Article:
Financial Crime

How Money Laundering Schemes Changed in the Digital Age

Technological developments, especially in the financial services sector, have provided criminals with new avenues of money laundering. For instance, criminals exploit potential vulnerabilities in online platforms such as e-commerce websites and digital payment systems to layer and integrate illicit funds into legitimate transactions.

Cryptocurrency further obfuscates money laundering gambits as it provides a high degree of anonymity and enables cross-border transactions that are difficult to trace.

This blog outlines money laundering techniques gaining prevalence in the digital era and methods to mitigate the risks. Curtailing money laundering can help financial institutions reduce the costs due to violations and increase operational margins in the long run.

Digital Money Laundering Techniques

Money laundering is an age-old financial crime that has evolved significantly in the digital age. Criminals are now exploiting technological advancements to launder illicit proceeds across the globe. These include:

1. Digital Transaction Layering

Money laundering in the digital era has evolved to sophisticated layering techniques. Criminals exploit the speed, anonymity, and global reach of digital transactions to obscure illicit funds through mechanisms such as:

  • Multiple accounts
  • Complex financial structures
  • Conversion to different currencies
  • Rapid movements across jurisdictions

These techniques make it difficult for banks and law enforcement authorities to track or uncover the underlying criminal activities.

2. Currency Mixing

Also known as coin mixing or coin tumbling, digital currency mixing is a technique criminals employ to enhance the anonymity and privacy of the transactions conducted using virtual currencies or cryptocurrencies, such as Bitcoin, Ethereum, etc. They leverage cryptocurrency tumblers or mixers to obfuscate the origin of the digital currency by blending multiple transactions and combining them with other funds or cryptocurrencies from different sources.

The decentralized nature, use of complex algorithms, and intricate cryptographic techniques make it challenging for financial institutions, regulators, and law enforcement agencies to combat digital currency mixing.

3. Exploitation of E-Commerce and Online Marketplaces

Online marketplaces offer a vast reach, ease-of-use, and a certain level of anonymity. Criminals  exploit these online marketplaces, including e-commerce portals and virtual/online gaming platforms, to convert or move their illicit funds into/through:

  • Virtual assets
  • Gift cards
  • Fake invoices
  • Cryptocurrencies
  • Money mules
  • Fake accounts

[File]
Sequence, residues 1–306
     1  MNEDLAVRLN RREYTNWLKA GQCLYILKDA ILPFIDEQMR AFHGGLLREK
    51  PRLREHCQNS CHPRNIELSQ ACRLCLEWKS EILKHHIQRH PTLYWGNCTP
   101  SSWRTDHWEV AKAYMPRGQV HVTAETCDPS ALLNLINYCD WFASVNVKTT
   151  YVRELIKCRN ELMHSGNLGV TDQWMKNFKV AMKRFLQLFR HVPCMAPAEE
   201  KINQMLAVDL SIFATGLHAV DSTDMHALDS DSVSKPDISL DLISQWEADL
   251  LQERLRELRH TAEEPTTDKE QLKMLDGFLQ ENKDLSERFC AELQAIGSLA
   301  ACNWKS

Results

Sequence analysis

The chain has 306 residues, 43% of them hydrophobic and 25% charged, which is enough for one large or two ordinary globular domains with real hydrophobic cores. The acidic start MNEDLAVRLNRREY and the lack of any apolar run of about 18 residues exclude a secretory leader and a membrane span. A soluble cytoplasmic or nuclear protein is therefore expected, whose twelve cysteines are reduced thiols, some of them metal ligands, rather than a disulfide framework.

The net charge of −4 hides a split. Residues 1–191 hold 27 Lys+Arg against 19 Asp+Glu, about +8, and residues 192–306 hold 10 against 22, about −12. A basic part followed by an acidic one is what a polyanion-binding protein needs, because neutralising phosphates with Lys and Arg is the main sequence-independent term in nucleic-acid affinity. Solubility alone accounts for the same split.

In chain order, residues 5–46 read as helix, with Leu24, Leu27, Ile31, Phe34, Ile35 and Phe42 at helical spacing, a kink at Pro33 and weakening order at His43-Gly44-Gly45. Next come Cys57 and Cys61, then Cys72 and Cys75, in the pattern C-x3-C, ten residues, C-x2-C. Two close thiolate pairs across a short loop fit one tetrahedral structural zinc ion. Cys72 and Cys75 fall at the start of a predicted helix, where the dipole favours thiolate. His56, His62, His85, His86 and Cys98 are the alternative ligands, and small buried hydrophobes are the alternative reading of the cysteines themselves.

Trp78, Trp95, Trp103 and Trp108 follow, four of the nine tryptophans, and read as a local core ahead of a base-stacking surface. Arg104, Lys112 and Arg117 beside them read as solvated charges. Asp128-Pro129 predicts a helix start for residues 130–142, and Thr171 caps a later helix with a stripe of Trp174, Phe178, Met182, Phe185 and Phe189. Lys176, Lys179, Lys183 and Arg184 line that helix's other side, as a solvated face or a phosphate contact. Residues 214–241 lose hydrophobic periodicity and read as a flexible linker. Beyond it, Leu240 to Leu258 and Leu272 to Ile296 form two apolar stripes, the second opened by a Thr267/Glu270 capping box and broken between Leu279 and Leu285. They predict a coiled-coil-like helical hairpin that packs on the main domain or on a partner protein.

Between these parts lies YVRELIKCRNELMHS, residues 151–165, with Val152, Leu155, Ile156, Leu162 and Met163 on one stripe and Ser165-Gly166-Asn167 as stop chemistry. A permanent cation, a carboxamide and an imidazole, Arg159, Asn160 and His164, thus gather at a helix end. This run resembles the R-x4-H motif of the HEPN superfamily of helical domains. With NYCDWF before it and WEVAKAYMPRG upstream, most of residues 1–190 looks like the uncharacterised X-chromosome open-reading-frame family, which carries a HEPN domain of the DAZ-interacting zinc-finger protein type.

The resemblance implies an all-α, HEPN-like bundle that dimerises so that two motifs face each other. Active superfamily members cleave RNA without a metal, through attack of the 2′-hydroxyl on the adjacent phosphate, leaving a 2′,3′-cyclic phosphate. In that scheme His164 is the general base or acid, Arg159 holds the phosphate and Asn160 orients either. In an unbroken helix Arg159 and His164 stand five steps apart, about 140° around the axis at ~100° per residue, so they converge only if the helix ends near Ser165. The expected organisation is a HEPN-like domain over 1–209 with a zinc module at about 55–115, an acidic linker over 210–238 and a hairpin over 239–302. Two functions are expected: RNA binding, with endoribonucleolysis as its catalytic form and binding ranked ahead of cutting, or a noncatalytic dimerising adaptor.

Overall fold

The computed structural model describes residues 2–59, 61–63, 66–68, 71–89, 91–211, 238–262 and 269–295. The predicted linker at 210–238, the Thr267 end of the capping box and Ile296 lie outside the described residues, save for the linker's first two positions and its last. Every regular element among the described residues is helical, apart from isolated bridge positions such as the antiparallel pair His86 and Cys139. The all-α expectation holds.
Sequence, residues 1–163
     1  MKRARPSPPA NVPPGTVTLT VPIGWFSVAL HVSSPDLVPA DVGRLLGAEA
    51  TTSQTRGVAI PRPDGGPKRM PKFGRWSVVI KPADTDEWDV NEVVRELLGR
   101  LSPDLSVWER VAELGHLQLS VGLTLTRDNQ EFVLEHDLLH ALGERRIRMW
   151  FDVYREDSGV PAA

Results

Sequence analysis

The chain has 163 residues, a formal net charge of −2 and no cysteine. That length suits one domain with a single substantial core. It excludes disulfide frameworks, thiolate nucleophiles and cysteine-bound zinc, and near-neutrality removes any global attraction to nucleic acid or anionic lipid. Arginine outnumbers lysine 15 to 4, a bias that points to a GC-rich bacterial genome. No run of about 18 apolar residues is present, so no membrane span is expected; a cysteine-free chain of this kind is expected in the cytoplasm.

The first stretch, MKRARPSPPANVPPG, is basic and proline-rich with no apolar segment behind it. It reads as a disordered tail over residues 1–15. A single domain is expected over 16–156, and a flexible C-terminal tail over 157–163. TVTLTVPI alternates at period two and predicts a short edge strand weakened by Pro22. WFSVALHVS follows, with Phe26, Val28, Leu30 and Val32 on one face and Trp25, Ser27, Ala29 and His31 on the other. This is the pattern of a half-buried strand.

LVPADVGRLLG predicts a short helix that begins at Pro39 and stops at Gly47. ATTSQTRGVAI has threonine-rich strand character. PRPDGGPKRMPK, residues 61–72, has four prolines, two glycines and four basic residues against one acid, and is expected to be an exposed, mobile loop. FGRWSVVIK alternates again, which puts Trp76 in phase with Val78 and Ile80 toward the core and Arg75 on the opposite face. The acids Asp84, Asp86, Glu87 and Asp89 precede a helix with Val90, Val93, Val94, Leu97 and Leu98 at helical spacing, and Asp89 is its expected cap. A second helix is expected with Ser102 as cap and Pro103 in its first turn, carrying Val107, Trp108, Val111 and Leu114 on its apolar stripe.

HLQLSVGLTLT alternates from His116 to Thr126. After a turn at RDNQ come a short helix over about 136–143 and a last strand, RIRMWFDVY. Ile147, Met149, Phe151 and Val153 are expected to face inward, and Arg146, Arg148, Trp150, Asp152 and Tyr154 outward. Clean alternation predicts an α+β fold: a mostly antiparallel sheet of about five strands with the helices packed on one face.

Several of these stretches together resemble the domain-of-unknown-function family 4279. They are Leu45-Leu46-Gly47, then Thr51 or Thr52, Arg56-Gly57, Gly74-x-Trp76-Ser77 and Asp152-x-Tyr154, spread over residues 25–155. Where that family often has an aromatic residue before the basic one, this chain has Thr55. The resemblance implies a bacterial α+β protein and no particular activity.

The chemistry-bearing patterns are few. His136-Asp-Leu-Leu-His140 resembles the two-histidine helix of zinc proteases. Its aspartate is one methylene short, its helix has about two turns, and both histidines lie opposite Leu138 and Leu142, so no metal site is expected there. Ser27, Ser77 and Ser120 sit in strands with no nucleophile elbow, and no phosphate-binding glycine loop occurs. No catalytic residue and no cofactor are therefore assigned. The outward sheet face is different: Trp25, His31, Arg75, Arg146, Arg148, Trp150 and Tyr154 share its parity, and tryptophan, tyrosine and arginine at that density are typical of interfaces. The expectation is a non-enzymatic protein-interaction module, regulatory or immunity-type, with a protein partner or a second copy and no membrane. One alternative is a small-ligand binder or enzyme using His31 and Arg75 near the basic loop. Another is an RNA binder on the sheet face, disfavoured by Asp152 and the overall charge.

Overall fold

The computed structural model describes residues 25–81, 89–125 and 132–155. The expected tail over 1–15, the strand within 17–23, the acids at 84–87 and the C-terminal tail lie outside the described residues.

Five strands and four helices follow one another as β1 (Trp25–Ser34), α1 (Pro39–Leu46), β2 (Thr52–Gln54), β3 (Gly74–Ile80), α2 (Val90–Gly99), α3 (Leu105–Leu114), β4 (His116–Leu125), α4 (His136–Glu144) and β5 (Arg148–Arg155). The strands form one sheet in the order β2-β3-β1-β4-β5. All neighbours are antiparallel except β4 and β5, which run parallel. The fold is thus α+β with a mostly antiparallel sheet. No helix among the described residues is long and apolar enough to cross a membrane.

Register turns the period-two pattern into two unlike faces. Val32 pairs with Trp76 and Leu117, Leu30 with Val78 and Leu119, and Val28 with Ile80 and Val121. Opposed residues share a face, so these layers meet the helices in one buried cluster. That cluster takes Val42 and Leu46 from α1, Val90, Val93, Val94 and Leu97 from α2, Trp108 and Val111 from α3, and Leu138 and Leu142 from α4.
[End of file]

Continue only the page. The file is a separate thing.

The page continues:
These exploits make it difficult for the agencies to differentiate between legitimate and fraudulent or suspicious transactions.

4. Shell Companies and Offshore Accounts

Shell companies exist only on paper and lack any substantial operations or assets. Offshore accounts provide financial anonymity and privacy to fraudsters and criminals.

Criminals and fraudsters establish offshore accounts in the name of shell companies to mask their involvement and distance themselves from illegal activities. Further, money laundering via offshore accounts involves the following stages to anonymize the transactions:

  • The money launderer moves the illicit funds from the domestic jurisdiction to the offshore accounts via complex transactions and multiple intermediaries to create layers.
  • After the funds are in the offshore account, the launderer engages in various transactions to legitimize the money through:
    • Investments
    • Loans
    • Purchase of virtual assets
  • Finally, the laundered money is moved to the home country as legitimate funds —completing the money laundering lifecycle.

The entities and accounts are often registered in jurisdictions with lax regulations, making detection and investigation more difficult.

5. Social Media Mules

People are spending more time on social media nowadays, making it attractive for criminals. Fraudsters and money launderers use online social media platforms to run fake-money-making schemes or programs to lure people and involve them with the scheme.

The launderers then use the persons’ personal bank accounts to funnel the illicit proceeds. They use these people as money mules and often target those with no criminal record to reduce the risk of getting caught.

In a nutshell, here’s how it works:

  • Criminals lure young and impressionable people, referred to as mules
  • The money is transferred from the mules’ accounts to third-party bank accounts, via transfer or converted to cash
  • The money is then converted into cryptocurrency, such as Bitcoin

This increases the intricacy of transactions, making the money laundering process difficult to detect.

6. Gig Economy

Criminals are actively exploiting the Gig economy, which has seen significant growth in recent years. Freelance services are one of the most prevalent activities that criminals exploit by creating fraudulent gig worker accounts or using legit gig workers as intermediaries to transfer illicit proceeds.

This allows launderers to blend illicit funds with legitimate earnings and makes it difficult to detect or trace the origins of money.

Mitigating the Money Laundering Risks